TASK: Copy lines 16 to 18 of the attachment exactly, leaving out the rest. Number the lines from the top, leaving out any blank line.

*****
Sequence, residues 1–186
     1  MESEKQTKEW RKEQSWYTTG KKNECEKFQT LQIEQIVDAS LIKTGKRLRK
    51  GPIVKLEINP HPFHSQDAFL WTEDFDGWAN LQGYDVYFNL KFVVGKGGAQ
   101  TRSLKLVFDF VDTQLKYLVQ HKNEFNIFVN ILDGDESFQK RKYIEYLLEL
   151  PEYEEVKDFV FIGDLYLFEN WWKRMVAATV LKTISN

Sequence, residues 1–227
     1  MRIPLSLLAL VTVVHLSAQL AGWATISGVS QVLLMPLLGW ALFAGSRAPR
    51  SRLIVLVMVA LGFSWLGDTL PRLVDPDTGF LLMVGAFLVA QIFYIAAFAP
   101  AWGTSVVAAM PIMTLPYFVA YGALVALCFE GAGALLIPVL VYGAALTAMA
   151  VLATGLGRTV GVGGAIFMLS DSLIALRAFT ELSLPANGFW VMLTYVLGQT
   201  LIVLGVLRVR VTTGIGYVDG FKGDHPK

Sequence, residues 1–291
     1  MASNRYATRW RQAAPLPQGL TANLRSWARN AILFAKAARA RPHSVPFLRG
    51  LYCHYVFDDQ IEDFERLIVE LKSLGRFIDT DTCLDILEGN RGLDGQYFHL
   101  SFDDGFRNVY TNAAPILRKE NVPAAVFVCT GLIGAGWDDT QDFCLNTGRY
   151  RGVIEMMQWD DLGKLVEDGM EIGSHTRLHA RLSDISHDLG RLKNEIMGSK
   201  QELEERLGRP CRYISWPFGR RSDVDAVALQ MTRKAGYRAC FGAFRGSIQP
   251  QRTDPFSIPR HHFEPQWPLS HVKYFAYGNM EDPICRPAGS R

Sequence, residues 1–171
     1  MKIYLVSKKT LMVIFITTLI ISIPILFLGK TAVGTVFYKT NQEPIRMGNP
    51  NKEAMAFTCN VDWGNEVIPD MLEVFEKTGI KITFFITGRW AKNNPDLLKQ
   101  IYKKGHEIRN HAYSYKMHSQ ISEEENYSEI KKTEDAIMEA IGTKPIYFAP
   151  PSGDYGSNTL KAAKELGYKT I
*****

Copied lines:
   151  RGVIEMMQWD DLGKLVEDGM EIGSHTRLHA RLSDISHDLG RLKNEIMGSK
   201  QELEERLGRP CRYISWPFGR RSDVDAVALQ MTRKAGYRAC FGAFRGSIQP
   251  QRTDPFSIPR HHFEPQWPLS HVKYFAYGNM EDPICRPAGS R